Benjamin Glass is dead. Benjamin Glass is dead,
and even before the news can reach the world,
the world agrees: the worst confuse virtue
with virtuosity. A fact irrelevant now.
All afternoon, across the Midwest states,
the kitchen radio is playing Hoagy Carmichael
and the middle-aged men and women are dancing
a familiar waltz they have almost forgotten,
and the immigrant boys play ball across the street.
They do not yet know Benjamin Glass is dead.
But soon, soon the news will season their mouths
like cracked aspirin and they will prop their glasses
on their wrinkled brows like altars so they can weep
more readily, and they will hear each other speak,
and Hoagy Carmichael, whose lemon voice is deep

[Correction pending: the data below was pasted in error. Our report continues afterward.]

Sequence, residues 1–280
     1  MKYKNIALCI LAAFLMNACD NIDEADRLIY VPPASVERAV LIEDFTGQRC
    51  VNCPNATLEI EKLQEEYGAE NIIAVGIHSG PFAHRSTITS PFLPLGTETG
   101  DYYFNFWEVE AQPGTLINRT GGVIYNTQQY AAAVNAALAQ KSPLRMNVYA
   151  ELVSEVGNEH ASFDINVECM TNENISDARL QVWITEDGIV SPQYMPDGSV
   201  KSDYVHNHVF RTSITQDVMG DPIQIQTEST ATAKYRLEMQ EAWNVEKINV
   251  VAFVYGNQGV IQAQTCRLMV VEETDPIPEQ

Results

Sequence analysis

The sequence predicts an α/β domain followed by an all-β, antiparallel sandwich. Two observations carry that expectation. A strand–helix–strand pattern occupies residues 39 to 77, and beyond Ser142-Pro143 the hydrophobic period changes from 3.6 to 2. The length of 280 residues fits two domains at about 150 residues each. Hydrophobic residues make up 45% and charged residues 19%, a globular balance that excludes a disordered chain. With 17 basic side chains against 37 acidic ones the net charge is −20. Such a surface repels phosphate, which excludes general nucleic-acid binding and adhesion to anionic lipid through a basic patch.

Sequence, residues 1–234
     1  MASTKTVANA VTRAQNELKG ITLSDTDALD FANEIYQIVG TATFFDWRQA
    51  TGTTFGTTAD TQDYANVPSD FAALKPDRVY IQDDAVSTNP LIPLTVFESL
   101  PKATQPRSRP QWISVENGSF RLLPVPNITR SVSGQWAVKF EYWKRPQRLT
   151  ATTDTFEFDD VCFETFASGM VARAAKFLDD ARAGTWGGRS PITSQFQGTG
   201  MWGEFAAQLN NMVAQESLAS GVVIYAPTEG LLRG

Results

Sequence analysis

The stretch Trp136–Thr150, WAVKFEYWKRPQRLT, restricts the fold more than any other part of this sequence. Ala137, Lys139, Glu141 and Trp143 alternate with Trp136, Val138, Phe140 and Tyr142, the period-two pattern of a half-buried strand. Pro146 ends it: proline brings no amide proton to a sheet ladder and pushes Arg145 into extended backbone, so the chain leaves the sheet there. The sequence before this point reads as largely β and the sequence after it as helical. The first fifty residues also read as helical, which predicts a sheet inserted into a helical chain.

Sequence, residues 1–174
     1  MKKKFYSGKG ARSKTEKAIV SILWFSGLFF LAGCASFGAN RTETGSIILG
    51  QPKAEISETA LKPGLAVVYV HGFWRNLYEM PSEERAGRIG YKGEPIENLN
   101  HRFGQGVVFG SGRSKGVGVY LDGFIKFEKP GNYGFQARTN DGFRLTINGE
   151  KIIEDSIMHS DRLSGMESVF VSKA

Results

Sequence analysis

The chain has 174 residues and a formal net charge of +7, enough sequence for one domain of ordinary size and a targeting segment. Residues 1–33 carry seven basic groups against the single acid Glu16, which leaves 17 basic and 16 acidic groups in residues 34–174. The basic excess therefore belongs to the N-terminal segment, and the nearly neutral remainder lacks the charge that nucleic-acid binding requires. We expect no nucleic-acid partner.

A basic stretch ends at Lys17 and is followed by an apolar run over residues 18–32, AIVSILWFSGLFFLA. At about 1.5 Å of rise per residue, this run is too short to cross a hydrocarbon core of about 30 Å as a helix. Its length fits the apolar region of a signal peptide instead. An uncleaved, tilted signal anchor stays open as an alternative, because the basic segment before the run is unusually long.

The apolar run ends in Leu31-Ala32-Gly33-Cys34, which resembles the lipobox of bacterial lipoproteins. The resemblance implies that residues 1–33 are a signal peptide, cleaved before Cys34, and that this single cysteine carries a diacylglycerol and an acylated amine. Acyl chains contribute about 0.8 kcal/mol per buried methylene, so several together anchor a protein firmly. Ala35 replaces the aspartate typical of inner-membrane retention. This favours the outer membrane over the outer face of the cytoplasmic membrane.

and pleasant as an afternoon of ignorant dancing.
The obituary being written by his young wife
in one small corner of one small house in Ohio
will mention his belief that, yes, he'd die on a Tuesday
like today, the muted sun behind a cloud all morning,
the immigrant boys across the street playing ball,
the internet radio set to play the sweet songs
of the great-grandparents who knew what the world
really sounded like in that Edenic shadow.
All afternoon the Midwest shuffled its blank cards
and cut to blank faces, but now it's dealt the swift
loss of its spade, its mascot of the indistinct,
who sought to forestall the future by immersion
in the past. Listen: those boys squealing home
to say, bitterly, Benjamin Glass is dead.
This poem appeared in the December 31, 2012 issue of the magazine.